Foreign Policy

Barack's Backbone Aria


Supercilious Chinese guy looks down his snooty snoot at our president.

Another picture of President Obama inclining his upper torso toward a foreign potentate -- this time China's premier Wen Jiabao -- has surfaced.

Folks are furious.

"We have to deal with China as though we are a superpower--Not like we are a Jr. Senator from Illinois begging the Chinese leader to stay," says one commenter in a thread I'm participating in.

"Obama's begging - that's his body language," says another.  "And reading the comments below that pic makes me want to puke.  Bunch of jello-brained Obots."

In the past, Obama has bowed to Wen, to the monarchs of Japan and Saudi Arabia, and to General Zod's disappointing son, a student at Sidwell Friends.

In each case, the bow has drawn the kind of catcalls cited above. Let me preface my opinion by saying that of course, every time the president of the United States shows excessive respect to the leader of a major American trading partner, the terrorists are emboldened, the Russians seize back more of their former empire, and our national cock becomes an inch shorter. But I think a people whose only experience of physical courtesies comes from church may be missing some subtleties in a calculated presidential bowing campaign.

President Obama rendered helpless in the finger-breaking grip of Premier Wen Jiabao

The first thing to remember is that in modernity it's almost never true that we bow down before the one we serve. Excessive servility came into its own with Uriah Heep, who is always humbly working somebody over to his own advantage.

There's an acting-class truism that if one person leans back calmly in his or her chair, and the other leans forward in his or her chair, the power of the scene accrues to the leaner-back. The signature scene for this principle is probably the opening of The Godfather. In real life, exactly the opposite holds true. The leaner-forward draws all your attention. That person is excitable, interested, and possibly ready to attack. The person leaning back, well, who does he think he is?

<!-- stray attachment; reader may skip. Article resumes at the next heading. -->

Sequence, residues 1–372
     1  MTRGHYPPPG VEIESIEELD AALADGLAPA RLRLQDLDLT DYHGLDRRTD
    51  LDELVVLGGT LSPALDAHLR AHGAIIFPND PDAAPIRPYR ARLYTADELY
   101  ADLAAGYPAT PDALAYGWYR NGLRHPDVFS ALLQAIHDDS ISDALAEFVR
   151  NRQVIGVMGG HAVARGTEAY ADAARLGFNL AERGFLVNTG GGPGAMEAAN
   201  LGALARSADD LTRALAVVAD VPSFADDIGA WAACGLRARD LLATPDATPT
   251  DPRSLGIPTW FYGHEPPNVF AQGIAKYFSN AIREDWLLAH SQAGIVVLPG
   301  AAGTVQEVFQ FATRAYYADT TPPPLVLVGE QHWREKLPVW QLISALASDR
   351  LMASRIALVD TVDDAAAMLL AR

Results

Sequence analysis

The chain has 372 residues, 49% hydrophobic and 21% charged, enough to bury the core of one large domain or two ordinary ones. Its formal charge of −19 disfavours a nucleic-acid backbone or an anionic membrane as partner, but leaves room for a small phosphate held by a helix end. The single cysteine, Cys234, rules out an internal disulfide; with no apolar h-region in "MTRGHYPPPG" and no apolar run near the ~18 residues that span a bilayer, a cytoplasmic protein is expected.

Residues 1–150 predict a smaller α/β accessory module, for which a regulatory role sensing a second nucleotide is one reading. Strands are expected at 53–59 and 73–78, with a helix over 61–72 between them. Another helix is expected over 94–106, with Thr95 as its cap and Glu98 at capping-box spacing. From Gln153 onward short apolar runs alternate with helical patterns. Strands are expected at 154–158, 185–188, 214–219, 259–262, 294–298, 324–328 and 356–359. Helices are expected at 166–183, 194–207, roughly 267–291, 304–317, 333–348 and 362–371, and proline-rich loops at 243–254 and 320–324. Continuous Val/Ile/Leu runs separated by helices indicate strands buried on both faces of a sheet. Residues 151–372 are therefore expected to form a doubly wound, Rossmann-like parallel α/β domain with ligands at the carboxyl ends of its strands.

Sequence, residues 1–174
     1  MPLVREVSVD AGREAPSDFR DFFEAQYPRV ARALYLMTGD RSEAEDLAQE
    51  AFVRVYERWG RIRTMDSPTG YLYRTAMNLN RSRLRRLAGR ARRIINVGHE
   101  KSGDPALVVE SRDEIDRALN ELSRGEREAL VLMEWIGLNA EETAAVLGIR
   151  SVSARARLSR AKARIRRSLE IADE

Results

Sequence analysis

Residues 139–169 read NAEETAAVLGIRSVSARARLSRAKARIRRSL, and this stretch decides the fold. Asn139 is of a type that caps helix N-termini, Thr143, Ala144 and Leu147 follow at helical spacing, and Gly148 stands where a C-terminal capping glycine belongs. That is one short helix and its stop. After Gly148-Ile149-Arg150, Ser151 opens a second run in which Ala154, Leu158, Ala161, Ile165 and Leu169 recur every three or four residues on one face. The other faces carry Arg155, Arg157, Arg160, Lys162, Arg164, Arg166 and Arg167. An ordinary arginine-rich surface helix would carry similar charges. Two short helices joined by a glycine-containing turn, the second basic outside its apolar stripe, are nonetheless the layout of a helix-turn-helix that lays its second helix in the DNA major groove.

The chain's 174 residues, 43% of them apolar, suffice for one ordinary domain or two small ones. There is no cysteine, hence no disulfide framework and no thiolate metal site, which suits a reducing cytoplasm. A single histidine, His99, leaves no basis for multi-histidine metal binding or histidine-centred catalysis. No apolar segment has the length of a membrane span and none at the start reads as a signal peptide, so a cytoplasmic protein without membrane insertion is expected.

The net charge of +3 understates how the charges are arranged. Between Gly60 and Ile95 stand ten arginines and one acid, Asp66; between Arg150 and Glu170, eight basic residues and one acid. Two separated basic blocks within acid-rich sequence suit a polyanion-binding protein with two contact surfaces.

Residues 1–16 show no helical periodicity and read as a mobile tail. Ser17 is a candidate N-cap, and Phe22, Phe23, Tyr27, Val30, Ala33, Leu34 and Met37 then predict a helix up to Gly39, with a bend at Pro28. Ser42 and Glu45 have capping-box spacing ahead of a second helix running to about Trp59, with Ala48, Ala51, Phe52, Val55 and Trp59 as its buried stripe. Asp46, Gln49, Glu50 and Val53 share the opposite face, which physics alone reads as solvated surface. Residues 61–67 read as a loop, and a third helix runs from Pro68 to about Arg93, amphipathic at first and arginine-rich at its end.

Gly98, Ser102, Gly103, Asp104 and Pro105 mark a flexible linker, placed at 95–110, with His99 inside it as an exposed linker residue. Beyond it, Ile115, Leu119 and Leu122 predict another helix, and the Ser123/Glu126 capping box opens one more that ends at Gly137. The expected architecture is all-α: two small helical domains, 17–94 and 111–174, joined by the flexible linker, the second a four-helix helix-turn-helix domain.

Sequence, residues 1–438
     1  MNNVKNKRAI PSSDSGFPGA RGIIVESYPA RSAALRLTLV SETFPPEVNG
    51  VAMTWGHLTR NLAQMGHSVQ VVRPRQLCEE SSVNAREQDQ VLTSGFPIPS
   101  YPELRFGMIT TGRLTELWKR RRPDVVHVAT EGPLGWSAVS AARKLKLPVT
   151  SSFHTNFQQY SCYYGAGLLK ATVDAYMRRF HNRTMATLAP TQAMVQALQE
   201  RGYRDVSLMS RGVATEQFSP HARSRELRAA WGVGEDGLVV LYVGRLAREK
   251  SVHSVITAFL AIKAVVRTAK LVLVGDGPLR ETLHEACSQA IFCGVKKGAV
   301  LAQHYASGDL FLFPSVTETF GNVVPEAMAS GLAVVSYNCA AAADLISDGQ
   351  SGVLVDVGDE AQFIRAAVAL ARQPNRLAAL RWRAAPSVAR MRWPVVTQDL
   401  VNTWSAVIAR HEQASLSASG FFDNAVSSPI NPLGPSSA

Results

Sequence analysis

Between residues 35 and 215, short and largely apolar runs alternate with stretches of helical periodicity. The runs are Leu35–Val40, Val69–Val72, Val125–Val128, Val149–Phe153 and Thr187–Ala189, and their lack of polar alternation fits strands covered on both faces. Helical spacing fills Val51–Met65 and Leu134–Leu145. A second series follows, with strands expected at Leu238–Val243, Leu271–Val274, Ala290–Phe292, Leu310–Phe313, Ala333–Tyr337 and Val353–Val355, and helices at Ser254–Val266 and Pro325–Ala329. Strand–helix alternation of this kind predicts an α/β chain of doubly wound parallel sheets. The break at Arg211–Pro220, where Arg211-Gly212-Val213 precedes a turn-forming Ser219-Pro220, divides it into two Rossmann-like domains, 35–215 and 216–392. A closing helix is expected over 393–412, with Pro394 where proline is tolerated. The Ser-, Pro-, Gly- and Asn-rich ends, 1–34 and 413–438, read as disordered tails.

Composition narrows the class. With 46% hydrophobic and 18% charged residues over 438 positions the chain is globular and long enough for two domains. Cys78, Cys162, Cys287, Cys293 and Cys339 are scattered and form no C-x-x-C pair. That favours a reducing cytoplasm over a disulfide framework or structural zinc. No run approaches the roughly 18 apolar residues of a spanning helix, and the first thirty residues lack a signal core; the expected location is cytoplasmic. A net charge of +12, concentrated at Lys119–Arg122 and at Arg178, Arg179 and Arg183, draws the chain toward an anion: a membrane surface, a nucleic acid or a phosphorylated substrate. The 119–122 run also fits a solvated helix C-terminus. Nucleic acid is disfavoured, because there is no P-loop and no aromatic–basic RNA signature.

Americans love to tell stories of how our informal manners once impressed courtly foreigners. My favorite is the reminiscence of a captured Wehrmacht soldier: "All the Americans were chewing gum, which made them seem especially insolent and contemptuous." But there is more conveyed by courtly manners than a simple power dynamic.

This shouldn't need stating, but the United States is still obviously the most feared and powerful state on the planet -- as the lousy foreigners demonstrated last year, when they had a real opportunity to destroy our currency and wipe out our government, but chickened out and decided to let us do it to ourselves. There is absolutely nothing lost when a president makes an obsequious gesture. It's the equivalent of the old handshake trick where you say "Ow, ow!" and hunch over as if the other guy's grip is so firm that your fingers are breaking. You can call me old-fashioned, but I still think a deep bow is less creepy than two men holding hands, unless they're really in love.

In fact, if there's something to object to in Obama's bowing, it's that he gave such a shallow sampling of his superbly honed posture to Queen Elizabeth II -- the only monarch left who's worth being nice to.

How can you learn more about the gradations of the bow? After years of print obscurity, my very favorite Alan Moore comic is on teh interwebs. "The Bowing Machine," a collaboration with Mark Beyer from the days of Japan Inc., can be seen (with some unfortunate loss of detail) here. I suspect neither Moore nor Beyer had an especially deep understanding of Japanese customs, but it's an impressive feat by a couple of bignoses imagining themselves into a culture of infinite deference.